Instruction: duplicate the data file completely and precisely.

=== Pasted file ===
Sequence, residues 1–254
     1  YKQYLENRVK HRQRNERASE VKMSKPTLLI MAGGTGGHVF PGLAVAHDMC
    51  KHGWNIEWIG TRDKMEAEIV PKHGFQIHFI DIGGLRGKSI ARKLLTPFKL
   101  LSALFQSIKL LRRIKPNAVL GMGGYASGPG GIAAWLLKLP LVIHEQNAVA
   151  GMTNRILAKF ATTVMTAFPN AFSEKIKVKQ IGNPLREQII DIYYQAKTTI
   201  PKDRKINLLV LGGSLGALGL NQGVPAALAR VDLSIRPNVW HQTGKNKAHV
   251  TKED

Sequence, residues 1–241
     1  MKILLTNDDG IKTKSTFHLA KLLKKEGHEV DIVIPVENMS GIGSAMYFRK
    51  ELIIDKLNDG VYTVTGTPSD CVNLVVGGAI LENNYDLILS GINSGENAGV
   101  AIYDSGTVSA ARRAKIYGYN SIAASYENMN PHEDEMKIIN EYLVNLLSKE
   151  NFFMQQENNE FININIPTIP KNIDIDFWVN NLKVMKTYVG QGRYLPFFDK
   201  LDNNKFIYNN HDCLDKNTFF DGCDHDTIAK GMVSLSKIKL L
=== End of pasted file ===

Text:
Sequence, residues 1–254
     1  YKQYLENRVK HRQRNERASE VKMSKPTLLI MAGGTGGHVF PGLAVAHDMC
    51  KHGWNIEWIG TRDKMEAEIV PKHGFQIHFI DIGGLRGKSI ARKLLTPFKL
   101  LSALFQSIKL LRRIKPNAVL GMGGYASGPG GIAAWLLKLP LVIHEQNAVA
   151  GMTNRILAKF ATTVMTAFPN AFSEKIKVKQ IGNPLREQII DIYYQAKTTI
   201  PKDRKINLLV LGGSLGALGL NQGVPAALAR VDLSIRPNVW HQTGKNKAHV
   251  TKED

Sequence, residues 1–241
     1  MKILLTNDDG IKTKSTFHLA KLLKKEGHEV DIVIPVENMS GIGSAMYFRK
    51  ELIIDKLNDG VYTVTGTPSD CVNLVVGGAI LENNYDLILS GINSGENAGV
   101  AIYDSGTVSA ARRAKIYGYN SIAASYENMN PHEDEMKIIN EYLVNLLSKE
   151  NFFMQQENNE FININIPTIP KNIDIDFWVN NLKVMKTYVG QGRYLPFFDK
   201  LDNNKFIYNN HDCLDKNTFF DGCDHDTIAK GMVSLSKIKL L